The deal to tour Paula Abdul toward Broadway as one of the musical theatre's most indelible characters, Sweet Charity, has fallen through for 1999-2000, but producers are planning to rethink and recast for 2000-2001, according to producing partner Alan Lichtenstein.
The national tour starring pop singer-dancer Abdul, under the direction of Bob Fosse trouper Wayne Cilento, was to begin July 13 in Green Bay, WI., followed by 40 weeks in 20-25 markets. The show was hoping to end up on Broadway.
Lichtenstein told Playbill On-Line April 19 the tour is "postponed," despite the fact that big hitters like Neil Simon and Cy Coleman had revised the 1966 musical comedy inspired by Fellini's Nights of Cabiria. The producers hoped to streamline the book and score of the dance-driven Bob Fosse-created show to about 2 hours and 25 minutes, Lichtenstein said, adding that original book writer Simon had come in to revise and Coleman had considered editing the score, which he wrote with late lyricist Dorothy Fields.
The show's standout numbers are "Big Spender," "Where Am I Going," "If My Friends Could See Me Now," "The Rhythm of Life" and "There's Gotta Be Something Better Than This."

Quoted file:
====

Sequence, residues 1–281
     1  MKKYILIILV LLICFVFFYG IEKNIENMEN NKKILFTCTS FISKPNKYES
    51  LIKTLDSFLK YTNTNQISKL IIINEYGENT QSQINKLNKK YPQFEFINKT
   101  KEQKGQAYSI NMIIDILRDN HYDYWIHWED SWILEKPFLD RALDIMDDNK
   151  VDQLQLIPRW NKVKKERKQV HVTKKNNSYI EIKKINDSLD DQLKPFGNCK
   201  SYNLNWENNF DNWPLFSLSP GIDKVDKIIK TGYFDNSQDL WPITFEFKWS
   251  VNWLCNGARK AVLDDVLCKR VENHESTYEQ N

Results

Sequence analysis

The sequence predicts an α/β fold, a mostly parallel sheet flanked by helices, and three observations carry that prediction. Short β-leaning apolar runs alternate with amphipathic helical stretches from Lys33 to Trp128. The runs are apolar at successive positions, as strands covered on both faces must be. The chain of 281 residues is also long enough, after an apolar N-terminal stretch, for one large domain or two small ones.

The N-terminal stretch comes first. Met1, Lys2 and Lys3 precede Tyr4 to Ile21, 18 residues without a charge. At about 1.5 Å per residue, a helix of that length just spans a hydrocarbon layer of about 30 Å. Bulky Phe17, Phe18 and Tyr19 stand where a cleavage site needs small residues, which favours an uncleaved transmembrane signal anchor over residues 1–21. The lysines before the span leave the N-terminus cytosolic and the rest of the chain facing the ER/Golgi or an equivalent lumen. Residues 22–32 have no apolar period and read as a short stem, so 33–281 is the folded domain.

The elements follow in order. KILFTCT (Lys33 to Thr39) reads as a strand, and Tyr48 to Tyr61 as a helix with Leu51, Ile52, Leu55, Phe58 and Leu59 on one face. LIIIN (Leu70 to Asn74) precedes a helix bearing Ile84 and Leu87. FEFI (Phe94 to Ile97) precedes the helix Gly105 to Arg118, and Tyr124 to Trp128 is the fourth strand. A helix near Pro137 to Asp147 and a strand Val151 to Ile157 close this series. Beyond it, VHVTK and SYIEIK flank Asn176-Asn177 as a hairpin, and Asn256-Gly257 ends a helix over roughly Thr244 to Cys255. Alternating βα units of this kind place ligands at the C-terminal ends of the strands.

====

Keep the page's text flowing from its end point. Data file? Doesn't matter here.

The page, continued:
Among those putting together the tour are Lichtenstein, Greg Young, Bob Young and Rich Martini. Abdul was to choreograph, with Fosse veteran Cilento. Lichtenstein said "we're disappointed" we "couldn't put a deal together at this time."
Abdul, who got her start as an Los Angeles Lakers cheerleader, had a string of hits in the late '80s and early '90s, including "Forever Your Girl," "Cold Hearted Snake," "Straight Up," and "Rush." Apart from music videos and commercials, she possesses few acting credits, though she has choreographed several films, including "The Doors," "Big," and "Coming to America."
Cilento is known for his choreography of the Broadway shows The Who's Tommy , How to Succeed... and Dream.
Sony Classical-Columbia Broadway Masterworks will re-release the 1966 original cast album of Sweet Charity, starring Gwen Verdon, May 4. The disc includes additional material not previously released, including "The Heavyweight" sequence from "Rich Man's Frug," alternate takes of "I Love to Cry at Weddings," tracks of Coleman singing three songs from the show, plus interviews surrounding the Broadway opening.
-- By Kenneth Jones
and Robert Simonson